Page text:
« Reply #6 on: November 11, 2014, 01:44:27 PM »
My monthly deposits sit in cash in my RRSP and I rebalance the portfolio with the new money quarterly.

AJDZee

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Re: DYI portfolio - really dumb question (I'm Canadian)
« Reply #7 on: November 11, 2014, 02:50:27 PM »
You done good by opening a Questrade account with the intention of going the ETF route.

The person you spoke to on the phone that said there were fees.... either didn't realize you were talking about ETFs or was very new and very poorly trained... because Questrade has had this program in place for awhile now - no commission for buying ETFs. It's a very good deal and it's how they differentiate themselves.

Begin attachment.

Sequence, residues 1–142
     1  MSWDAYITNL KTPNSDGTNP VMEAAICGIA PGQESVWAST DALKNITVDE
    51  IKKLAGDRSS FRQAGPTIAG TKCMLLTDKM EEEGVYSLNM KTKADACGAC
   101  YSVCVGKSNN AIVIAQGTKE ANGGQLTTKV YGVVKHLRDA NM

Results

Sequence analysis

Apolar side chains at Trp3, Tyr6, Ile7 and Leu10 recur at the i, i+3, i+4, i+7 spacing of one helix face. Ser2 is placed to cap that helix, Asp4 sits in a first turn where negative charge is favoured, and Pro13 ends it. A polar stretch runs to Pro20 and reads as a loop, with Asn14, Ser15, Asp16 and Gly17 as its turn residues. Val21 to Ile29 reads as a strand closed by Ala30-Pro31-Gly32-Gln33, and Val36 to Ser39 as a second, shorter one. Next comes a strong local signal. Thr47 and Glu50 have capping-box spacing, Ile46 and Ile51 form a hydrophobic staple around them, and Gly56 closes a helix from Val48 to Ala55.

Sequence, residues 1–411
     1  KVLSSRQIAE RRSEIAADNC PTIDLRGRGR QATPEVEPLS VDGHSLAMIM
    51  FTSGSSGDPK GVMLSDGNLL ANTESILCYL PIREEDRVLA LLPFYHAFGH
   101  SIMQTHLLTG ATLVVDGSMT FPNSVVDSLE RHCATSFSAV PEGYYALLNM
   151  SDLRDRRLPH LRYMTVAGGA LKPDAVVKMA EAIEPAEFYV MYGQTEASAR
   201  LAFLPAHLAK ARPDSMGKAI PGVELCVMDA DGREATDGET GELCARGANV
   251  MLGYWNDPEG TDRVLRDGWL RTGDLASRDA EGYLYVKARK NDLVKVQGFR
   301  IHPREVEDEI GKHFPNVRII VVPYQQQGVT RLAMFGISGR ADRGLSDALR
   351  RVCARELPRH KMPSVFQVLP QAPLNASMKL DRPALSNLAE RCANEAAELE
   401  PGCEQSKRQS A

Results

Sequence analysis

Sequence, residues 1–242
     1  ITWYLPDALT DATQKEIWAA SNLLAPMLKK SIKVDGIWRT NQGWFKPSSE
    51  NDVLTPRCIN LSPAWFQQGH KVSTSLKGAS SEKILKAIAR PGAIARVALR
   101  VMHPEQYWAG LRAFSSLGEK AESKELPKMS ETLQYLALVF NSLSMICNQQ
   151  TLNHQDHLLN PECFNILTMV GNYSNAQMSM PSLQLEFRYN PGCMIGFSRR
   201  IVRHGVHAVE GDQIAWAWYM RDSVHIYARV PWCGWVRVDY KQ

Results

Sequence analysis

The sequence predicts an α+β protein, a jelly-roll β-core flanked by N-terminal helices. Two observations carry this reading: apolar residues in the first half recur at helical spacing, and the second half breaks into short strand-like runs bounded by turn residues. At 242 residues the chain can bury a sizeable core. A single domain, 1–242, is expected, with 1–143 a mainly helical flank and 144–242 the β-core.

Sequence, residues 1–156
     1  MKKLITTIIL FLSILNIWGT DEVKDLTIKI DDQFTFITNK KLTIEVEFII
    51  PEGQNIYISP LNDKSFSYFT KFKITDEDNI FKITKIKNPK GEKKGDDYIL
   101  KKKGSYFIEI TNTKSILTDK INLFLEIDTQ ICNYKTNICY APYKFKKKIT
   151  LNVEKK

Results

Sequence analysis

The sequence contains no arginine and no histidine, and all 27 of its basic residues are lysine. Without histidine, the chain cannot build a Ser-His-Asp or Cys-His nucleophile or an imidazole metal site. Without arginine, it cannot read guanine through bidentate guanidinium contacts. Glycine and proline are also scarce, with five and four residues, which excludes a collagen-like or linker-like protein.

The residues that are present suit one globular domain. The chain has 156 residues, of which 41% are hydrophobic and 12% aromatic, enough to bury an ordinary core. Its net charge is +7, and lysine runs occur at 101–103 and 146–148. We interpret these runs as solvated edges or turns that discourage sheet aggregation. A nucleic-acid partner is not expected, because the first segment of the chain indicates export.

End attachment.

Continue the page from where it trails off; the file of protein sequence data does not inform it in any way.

You have to pay regular commission when you sell ETFs, but anytime you buy ETFs (Vanguard included) it's free.
You also won't have any fees when you transfer money into the account, assuming you've just set up with your regular canadian bank account and do an electronic transfer.

So go ahead and set up a bi-weekly automatic money transfer into your RRSP account if you like.
What you can't do is set it up to automatically purchase ETFs. You still have to go into your account and put the order in.

http://www.questrade.com/trading/services/free_etf?pid=13-02-00-Qcom-Home-banner-ETFSmall

I've been with Questrade for 8 years now, let me know if you have any other questions and I'll see if I can help!

lifejoy